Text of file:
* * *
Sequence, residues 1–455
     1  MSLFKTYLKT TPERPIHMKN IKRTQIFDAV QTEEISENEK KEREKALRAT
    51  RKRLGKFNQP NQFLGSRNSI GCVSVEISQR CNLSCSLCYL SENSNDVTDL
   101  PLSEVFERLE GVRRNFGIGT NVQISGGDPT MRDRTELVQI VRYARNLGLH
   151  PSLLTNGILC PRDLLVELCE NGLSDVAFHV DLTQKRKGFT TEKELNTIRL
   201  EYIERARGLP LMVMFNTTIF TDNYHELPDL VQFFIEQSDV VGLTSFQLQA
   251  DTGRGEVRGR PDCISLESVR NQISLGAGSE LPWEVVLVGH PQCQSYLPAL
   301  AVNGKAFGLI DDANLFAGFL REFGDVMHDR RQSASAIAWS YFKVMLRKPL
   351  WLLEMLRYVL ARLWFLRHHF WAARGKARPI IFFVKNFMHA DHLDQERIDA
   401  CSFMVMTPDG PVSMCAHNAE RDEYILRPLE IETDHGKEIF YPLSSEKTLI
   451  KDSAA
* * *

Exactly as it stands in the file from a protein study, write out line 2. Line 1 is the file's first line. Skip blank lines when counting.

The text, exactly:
     1  MSLFKTYLKT TPERPIHMKN IKRTQIFDAV QTEEISENEK KEREKALRAT